It’s important that you have established, documented, and consistent procedures and rules that you always follow for all your applications. If you do, you don’t need to be considering multiple applications and you never should. You never want to be in a position where you treat one person differently than another. Doing so can open you up to lawsuits, Federal and State Fair Housing investigations and possible Fair Housing fines. Fair Housing Laws make it illegal to discriminate against different protected groups of people, based on things like: race, religion, familial status, national origin, sex and, depending on the state you are in, there can be a lot more. If you don’t protect yourself with written rules it can be easy to unintentionally discriminate. For example, imagine this common situation: a friend and his family from your church ask to live in your rental for a short 3 months while they are in-between homes. You agree. Because you know them, it is kept pretty informal. You never required them to apply because you knew you’d approve them anyway. You knew it probably wasn’t the best business practice but for convince that’s what you ended up doing. Usually if an application asks for a short term lease you tell them no but this time you wanted to help out a friend. Unintentionally, you may have just discriminated against someones religion. You just created a situation where you have given special privileges to people that go to the same church as you do, which is the same as discriminating against those that don’t. If someone feels you’ve discriminated against their protected class you could find yourself in trouble. This is just one example, there are many more ways something like this can happen. Don’t do this to yourself. You need consistency.
To stay consistent and to be able to show your consistency, it’s important you process your applications in the order they come in, giving everyone an equal and fair opportunity to apply and to rent the home. Do not collect several applications and then pick the one you like the best. Doing that will make it hard to be consistent and even harder to prove you are consistent. First come first serve is the most fair for the applicants and the best way to keep you protected.
Often a potential tenant will ask me, “How Long Does it Take for a Rental Application to be Approved?” You should be able to tell them it will be fast. Because your process is well defined and you are doing first come first serve, there is no reason you can not give the applicant an answer with in 24 hours. You want to find out if the application is good, and if it is, you want to get them signed on a lease right away. Don’t make them wait or you might loose them. Some of my best tenants applied with me after waiting a week with other management companies. I was able to run their application, approve it, and get them signed up right away, and the other management companies lost out.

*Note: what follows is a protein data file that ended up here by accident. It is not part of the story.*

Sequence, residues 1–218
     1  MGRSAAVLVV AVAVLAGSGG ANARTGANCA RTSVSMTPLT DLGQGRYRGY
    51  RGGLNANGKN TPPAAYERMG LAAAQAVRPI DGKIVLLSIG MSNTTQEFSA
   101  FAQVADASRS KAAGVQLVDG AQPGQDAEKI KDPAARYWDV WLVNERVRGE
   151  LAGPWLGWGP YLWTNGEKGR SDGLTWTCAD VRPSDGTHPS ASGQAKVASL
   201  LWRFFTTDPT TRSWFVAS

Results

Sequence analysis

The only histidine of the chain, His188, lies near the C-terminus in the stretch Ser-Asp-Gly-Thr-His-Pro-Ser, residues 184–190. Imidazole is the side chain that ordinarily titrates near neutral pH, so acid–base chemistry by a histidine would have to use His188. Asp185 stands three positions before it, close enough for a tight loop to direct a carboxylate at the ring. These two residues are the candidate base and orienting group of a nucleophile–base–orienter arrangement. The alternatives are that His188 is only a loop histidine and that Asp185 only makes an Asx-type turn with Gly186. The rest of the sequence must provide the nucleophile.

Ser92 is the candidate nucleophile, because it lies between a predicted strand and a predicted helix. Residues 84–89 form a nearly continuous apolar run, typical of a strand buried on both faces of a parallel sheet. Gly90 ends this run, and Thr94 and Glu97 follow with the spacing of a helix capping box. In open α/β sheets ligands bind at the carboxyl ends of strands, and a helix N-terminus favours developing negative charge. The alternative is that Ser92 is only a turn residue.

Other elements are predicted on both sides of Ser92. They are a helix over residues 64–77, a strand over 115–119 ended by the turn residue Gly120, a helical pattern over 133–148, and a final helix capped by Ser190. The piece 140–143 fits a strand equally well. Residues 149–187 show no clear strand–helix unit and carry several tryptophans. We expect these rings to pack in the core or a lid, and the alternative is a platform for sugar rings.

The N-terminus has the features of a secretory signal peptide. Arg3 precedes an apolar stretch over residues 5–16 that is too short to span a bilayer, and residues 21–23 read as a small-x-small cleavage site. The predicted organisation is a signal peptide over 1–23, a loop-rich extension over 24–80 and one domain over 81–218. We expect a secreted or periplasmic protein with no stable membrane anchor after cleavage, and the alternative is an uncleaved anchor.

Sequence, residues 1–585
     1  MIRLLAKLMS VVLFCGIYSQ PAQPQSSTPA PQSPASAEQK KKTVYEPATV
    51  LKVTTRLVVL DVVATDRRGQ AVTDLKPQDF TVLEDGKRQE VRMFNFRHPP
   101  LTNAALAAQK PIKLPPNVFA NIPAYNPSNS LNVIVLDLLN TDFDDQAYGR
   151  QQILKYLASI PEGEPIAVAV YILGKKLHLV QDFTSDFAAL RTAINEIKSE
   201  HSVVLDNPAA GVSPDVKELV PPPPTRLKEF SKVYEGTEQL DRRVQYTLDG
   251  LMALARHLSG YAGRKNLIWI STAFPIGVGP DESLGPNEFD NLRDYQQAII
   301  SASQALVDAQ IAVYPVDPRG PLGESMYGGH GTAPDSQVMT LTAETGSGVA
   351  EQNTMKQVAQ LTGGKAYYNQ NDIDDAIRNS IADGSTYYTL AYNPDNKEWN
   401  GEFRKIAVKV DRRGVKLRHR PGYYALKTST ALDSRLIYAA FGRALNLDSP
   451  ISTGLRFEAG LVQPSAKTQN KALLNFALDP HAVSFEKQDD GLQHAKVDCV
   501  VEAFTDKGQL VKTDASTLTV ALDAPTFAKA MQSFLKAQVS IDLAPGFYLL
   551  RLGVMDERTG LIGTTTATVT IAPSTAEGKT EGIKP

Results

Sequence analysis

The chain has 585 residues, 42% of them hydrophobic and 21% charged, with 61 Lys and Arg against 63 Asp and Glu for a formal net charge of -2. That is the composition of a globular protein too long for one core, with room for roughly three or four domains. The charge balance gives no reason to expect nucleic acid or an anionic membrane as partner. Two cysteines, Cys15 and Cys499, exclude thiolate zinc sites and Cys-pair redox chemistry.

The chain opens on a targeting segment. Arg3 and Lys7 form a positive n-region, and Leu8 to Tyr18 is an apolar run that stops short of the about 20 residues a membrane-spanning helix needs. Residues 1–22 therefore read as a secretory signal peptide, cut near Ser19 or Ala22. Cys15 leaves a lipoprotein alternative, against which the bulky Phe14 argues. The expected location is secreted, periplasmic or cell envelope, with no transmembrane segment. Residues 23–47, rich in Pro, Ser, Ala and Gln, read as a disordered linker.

What if I’m Not Sure About Approving a Rental Application?
Now you are finally in the middle of reviewing an application. If everything looks good after completing all the steps and criteria that you wrote down for an application, then it’s easy. You sign them up. It’s also just as easy if it looks terrible. They don’t qualify. Once you find a problem or problems that makes their application un-approvable you let them know it’s denied and you move on. Although, what if the application is kind of good and kind of bad? You may be comparing your findings with your criteria and find your screening criteria is insufficient to cover every possible situation and this application is not as clear cut as you’d hoped. For example, they had a misdemeanor 5 years ago with no criminal history before that and nothing since. Their credit has always been good up until 8 months ago when they lost their job because of the Corona Virus. They have several late payments and collections that all happened about that same time but you can see payments are now being made because they got a new job 2 months ago. In addition to that, they are looking for a place to live because they are in middle of a divorce. This can be a tough situation for them, no matter how much they want to be responsible and no matter how much you want to believe them, stay focused on these things:
- Do they fit your screening?
- Will they make a good business partner?
If you still don’t know the answer to these questions ask yourself, what is the risk and how can I minimize that risk? In these situations I will often require a double deposit. That usually minimizes the risk to an acceptable level and usually works out great. It’s important to note, a double deposit is not prepaid rent. It is a security deposit that is returned only after they have moved out and their performance of living up to the lease agreement has been evaluated. When I first offered the option of a double deposit I was a bit hesitant because it was a lot of money. I’ve found that people usually understand though. They know their situation and usually agree to it. If they can’t come up with that much money, or don’t want to, then that is ok too. Without it, the risk is too high so you move on to the next application.
By following these tips and rules you will solve most of your problems before they even happen. Remember you are not in the business of providing housing, you are in the business of real estate appreciation and cash flow and because of that, you are not just looking for a tenant, you are looking for a business partner.
Stay tuned for more from Kasteel Property Management in the way of written blogs and videos.